• It should be possible to, for example, perform casing and normalization operations without having to materialize a code point sequence in between the operations.
      • The standard lacks localization facilities sufficient to support tailoring.
      • Interfaces that support tailoring should be implemented using ICU4X.
      • Interfaces for the non-tailored algorithms may be provided as constexpr since they are locale invariant.
      • Providing views implemented with ICU would be challenging and would limit performance opportunities and iterator categories.
      • Interfaces that support tailored algorithms with an interface similar to that used for non-tailored interfaces can be added later.
      • Non-tailored interfaces are useful despite their being insufficient for user presentation purposes in general.
      • There are no known use cases for performing normalization for non-Unicode encodings like EBCDIC or Shift-JIS.
      • Code unit sequences should be validated by default on consumption; for safety reasons.
      • Standardized interfaces should not be constrained by what ICU is capable of providing.
      • Implementation via ICU should be supported when doing so doesn't limit potentially better solutions.
      • Implementation via ICU prohibits constexpr and noexcept.
      • Standardized interfaces should take advantage of ranges and views.
      • Size hints are useful for reserving memory in order to avoid reallocations.
      • It is important and reasonable to optimize table lookups for most character properties.
      • In place mutation of text does not perform well.
      • UTF decoding and encoding is inexpensive even when not optimized; it might not be necessary to design every interface to support maximum optimization possibilities.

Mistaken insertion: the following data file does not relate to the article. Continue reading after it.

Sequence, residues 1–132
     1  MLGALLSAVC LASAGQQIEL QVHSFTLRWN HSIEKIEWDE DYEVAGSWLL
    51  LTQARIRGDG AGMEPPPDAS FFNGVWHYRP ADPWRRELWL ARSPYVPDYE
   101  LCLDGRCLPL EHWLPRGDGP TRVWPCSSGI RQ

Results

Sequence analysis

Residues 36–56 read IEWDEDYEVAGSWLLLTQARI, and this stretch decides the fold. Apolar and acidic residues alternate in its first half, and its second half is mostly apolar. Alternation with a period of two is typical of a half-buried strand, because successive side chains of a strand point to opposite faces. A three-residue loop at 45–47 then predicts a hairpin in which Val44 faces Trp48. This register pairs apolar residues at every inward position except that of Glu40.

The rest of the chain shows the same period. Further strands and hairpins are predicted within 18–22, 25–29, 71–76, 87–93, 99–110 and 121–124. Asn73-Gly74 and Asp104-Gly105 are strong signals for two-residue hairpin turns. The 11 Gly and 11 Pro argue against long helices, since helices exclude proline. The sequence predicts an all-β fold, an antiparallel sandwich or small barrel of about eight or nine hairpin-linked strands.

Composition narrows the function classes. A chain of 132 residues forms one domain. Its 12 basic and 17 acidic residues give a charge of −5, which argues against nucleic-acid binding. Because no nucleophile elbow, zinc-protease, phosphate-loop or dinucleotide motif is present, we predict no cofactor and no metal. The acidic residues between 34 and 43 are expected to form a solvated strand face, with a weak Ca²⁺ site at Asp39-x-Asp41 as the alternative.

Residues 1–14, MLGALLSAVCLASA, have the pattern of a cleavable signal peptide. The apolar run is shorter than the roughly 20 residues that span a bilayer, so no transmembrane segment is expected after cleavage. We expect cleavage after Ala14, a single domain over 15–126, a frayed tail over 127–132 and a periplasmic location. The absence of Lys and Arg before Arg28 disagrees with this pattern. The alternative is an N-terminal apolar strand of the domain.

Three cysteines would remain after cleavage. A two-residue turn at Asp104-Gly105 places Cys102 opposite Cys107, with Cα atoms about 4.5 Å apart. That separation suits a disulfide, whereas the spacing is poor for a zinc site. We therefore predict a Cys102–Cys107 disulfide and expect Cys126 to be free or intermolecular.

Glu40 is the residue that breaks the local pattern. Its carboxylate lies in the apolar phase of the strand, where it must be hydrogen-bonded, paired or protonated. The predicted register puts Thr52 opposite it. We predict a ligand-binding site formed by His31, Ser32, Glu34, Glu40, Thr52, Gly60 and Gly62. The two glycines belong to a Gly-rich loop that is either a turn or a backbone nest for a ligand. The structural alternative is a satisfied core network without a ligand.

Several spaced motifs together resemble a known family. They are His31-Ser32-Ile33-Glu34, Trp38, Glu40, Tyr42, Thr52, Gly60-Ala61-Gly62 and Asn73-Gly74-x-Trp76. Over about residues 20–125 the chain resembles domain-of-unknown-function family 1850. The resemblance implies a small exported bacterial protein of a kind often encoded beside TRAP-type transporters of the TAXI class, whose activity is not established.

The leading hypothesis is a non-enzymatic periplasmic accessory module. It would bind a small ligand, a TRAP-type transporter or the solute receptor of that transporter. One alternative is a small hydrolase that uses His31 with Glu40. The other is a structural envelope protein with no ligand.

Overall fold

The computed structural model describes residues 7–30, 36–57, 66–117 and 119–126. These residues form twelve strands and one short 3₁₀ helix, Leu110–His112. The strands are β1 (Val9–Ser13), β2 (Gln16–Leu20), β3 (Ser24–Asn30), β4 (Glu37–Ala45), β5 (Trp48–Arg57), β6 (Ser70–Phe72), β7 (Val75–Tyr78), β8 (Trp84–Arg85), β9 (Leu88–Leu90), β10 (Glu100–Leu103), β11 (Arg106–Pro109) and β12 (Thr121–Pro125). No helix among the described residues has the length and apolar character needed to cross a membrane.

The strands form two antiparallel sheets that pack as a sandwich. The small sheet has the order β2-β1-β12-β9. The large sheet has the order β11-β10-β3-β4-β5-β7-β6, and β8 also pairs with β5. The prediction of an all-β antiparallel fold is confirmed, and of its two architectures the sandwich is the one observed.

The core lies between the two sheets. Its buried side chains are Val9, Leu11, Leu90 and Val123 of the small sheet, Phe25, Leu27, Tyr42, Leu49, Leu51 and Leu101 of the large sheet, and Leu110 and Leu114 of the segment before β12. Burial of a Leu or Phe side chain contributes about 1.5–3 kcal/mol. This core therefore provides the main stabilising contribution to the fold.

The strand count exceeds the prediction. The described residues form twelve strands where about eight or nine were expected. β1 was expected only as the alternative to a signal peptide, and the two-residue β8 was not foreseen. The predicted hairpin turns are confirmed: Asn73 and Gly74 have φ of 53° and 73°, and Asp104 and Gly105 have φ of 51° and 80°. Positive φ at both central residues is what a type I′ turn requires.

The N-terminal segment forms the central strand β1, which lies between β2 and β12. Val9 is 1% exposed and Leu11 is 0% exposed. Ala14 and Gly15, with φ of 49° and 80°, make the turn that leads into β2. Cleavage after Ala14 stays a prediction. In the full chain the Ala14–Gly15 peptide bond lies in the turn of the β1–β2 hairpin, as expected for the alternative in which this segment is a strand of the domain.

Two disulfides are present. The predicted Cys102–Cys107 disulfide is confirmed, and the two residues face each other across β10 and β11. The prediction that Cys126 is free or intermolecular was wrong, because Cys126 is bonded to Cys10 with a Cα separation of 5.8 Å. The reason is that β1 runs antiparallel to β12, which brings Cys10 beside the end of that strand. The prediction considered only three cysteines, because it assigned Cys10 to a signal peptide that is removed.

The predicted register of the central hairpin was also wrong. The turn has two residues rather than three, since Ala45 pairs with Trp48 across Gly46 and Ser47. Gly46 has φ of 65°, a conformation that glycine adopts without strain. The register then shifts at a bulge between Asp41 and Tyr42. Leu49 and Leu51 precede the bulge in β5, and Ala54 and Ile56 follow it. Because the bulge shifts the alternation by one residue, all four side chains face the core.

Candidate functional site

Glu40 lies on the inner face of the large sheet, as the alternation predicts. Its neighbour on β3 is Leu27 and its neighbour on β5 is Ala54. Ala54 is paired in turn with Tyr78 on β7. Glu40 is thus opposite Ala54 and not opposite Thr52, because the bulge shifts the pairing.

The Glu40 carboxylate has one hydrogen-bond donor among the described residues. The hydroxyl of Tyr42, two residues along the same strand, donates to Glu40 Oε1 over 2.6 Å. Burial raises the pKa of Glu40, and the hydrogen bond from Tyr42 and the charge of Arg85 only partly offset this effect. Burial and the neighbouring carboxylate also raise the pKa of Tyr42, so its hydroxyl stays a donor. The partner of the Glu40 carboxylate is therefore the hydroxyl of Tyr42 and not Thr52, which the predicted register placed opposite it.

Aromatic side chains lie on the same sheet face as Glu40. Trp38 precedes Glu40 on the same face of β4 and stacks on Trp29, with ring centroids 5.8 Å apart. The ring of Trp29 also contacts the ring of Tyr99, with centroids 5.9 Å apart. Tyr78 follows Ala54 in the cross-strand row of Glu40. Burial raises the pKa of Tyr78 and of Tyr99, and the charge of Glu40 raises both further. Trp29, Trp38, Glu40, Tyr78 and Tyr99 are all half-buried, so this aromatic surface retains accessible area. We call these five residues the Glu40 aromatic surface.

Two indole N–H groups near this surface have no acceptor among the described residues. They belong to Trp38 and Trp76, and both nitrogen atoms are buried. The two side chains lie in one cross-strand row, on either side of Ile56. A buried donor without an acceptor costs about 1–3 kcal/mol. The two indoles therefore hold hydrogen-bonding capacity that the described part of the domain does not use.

• Zach stated that normalization is a relatively expensive operation and is therefore best suited to eager transformations.
    • Victor commented in the chat that lazy operations often limit optimizations like SIMD.
    • Jens also commented in the chat that range filters are probably at odds with SIMD, noted that table lookups aren't SIMD-friendly, and pondered how much the Unicode algorithms benefit from SIMD.
    • Zach noted that maintaining multiple levels of enclosed iterators can be painful.
    • Zach reflected on prior discussions regarding requirements to be able to implement Unicode functionality using ICU and asked how important such implementability is.
    • [ Editor's note: P1238R1 (SG16: Unicode Direction) lists as a constraint that implementors cannot afford to rewrite ICU. ]
    • Tom responded that his prior statements were partially motivated by politics; a desire to assure implementors that SG16's efforts would not culminate in a requirement for them to implement all Unicode functionality on their own.
    • PBrett indicated that he is not worried regarding implementability via ICU.
    • Tom noted that the pipeline approach presented in the paper allows combining transformations in ways that may be order dependent.
    • Tom asked Robin to confirm that case folding and normalization operations are order dependent.
    • Robin noted that case folding does not depend on tailoring and confirmed that there are order dependencies; toCasefold(toNFKC(S)) does not produce the same result as toNFKC_Casefold(S).
    • [ Editor's note: In later correspondence, Robin noted that Turkic case folding (I -> ı, İ -> i) is usually not performed for non-Turkic languages as noted in CaseFolding.txt. ]
    • Robin stated that, for canonical normalization, it is common to normalize at program boundaries, but that compatibility normalization might need to be done locally.
    • Tom noted the implication; programmers can't expect to combine transformations arbitrarily and get the "right" result.
    • Jens replied that this means special algorithms are needed for some transformations.
    • Jens stated that the range pipeline approach is idiomatic and seems amenable to these transformations.
    • Jens noted that ranges was tranformational in its ability to avoid the need for intermediate storage.
    • Jens cautioned that this ability comes with the cost that the transformations be interruptible.